"God forbid," said Adam, "and I'm's not like that. You know it's not like that."

"Of course it's not like that," she said, "but there's nothing wrong with wanting it to be."

Adam just shrugged and didn't see the point in denying it. "It's harmless," he said. "It's not like he doesn't know. But that doesn't mean it's ever going to go anywhere. Flirting is fun."

"And having Ensign Allen in your lap is even funner."

"Funner?" Adam teased her. "It's almost like you've actually been drinking, like the old days."

"No talking about the old days," she said, giving him a little shove as they reached the door to his quarters. At least, no talking about the old days when they didn't have the old crew together somewhere private so they could celebrate and air their frustrations at the same time. "This is you. Unless you're not sleeping in your own bed tonight."

"Been a while since that's been an issue," said Adam. But there were worse things. He was alive and he still had his friends and his principles and a dry spell wasn't going to kill him. As long as it wasn't a life long dry spell. "I'm thinking about hooking up with Mannick next shore leave."

"No, you're not."

"What? Why not. I could be."

"He's not even remotely your type," said Ashley, "and if you do, you know he's going to follow you around like a puppy dog. Hook up with one of the locals instead. Maybe we'll find another pleasure planet."

"They're all pleasure planets if you do it right," said Adam. "You just have to know how to get the party started."

"Something you have definitely never had a problem with," said Ashley. "Tomorrow night?"

"I'm on third shift for the foreseeable future," said Adam, tapping the back of his head against the door to his quarters. "You'll have to enjoy yourselves without me."

"Somehow we'll survive," she said. "What did you do to deserve that?"

"I think it has something to do with the sand fleas we picked up last week and Tuvok's uniform."

"You had nothing to do with that."

"No, but I didn't actually deny it," said Adam with an impudent grin. "Reputations are built on what people think they know. Sometimes the truth doesn't matter all that much."

"It should," said Ashley, giving him a friendly shove, but she was trying not to laugh, he could tell. "The truth should always matter."

"I like to think I'm giving the real culprit the opportunity to carry out another guerilla flea attack," said Adam. "What can I say?"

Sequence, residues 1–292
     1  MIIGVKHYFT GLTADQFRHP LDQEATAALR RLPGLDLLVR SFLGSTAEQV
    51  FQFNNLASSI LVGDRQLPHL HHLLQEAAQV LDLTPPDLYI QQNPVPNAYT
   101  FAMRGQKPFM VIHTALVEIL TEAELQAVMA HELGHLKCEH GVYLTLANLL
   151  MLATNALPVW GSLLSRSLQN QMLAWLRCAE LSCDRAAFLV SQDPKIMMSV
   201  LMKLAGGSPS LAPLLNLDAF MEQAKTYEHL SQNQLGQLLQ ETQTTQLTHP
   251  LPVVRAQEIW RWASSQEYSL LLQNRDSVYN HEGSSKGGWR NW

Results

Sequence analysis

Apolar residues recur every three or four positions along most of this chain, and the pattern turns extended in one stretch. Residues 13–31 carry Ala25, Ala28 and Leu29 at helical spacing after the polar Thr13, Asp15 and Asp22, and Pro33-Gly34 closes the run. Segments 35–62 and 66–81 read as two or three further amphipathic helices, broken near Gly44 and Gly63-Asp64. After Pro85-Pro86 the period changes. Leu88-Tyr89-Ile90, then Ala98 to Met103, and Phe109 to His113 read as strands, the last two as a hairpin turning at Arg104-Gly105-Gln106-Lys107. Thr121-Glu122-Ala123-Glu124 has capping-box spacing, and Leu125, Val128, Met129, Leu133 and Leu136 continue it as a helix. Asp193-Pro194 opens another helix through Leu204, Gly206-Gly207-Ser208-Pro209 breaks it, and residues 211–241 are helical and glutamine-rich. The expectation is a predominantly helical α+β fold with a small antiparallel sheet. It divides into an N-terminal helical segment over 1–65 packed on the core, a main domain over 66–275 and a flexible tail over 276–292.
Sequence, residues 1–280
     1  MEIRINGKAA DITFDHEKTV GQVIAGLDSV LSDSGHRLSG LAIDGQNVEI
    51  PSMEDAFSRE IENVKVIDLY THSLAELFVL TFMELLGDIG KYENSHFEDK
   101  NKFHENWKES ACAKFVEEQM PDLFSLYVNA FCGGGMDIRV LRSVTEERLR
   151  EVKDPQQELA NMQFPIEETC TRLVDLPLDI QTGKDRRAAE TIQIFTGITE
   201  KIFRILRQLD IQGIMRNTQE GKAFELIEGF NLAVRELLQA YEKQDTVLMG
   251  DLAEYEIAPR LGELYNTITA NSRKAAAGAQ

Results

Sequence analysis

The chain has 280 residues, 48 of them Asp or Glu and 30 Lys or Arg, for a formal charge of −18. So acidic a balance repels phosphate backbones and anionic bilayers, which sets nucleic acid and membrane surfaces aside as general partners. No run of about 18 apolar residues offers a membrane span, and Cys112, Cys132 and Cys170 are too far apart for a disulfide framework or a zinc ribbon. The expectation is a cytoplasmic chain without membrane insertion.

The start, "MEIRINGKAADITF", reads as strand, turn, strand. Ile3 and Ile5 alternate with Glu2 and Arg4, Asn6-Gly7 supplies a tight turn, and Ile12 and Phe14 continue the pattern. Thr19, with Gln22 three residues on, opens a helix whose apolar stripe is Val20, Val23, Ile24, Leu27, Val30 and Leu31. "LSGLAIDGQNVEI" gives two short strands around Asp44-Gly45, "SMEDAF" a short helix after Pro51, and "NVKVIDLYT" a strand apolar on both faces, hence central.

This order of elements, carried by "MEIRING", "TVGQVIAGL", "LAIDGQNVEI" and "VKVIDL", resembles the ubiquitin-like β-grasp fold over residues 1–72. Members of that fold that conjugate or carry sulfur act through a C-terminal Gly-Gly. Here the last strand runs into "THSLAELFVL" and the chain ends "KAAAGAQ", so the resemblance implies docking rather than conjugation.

"You can say 'I'm sorry my stolen glory won't allow me to join your game tomorrow night'," she said. "Maybe we'll get Allen to take your seat."

Adam wasn't sure whether to be happy or afraid of that. "Go easy on him," he said. "He's pretty innocent."

"Depends on what you mean by innocent," said Ashley, smirking at him. "Or maybe you want him to need you around to save him from your big, bad friends."

"Be nice," said Adam rather than dignify that with an argument. Mostly because he didn't have one. "I'll never forgive you if you scare him away."

"If we haven't done that already, it's not going to be as easy as you think," said Ashley. "Kris is tough and smart, and tenacious as hell. Don't worry."

Adam wasn't worrying about it as he slipped into his quarters and collapsed on his bed, but that didn't mean he wasn't thinking about it. If they'd been back home, he would've moved on already, found someone else both his type and available, but they weren't back home. If they'd been back home, he'd never have met Kris Allen in the first place, or if he had they would have been—they had been, however briefly—on opposite sides of the fight.

But that was something he thought less and less over time. The more he got to know him, the less that seemed to matter. The more he got to know him, the harder it was to imagine finding someone else he'd want to be with quite as much.


Adam Lambert wasn't actually very good at following orders. Which wasn't a prized quality in a security officer, but everyone had to do something on Voyager and those Maquis who didn't have skills in science or engineering or medicine usually got shunted into security by default. At least he hadn't gotten stuck on perpetual kitchen duty.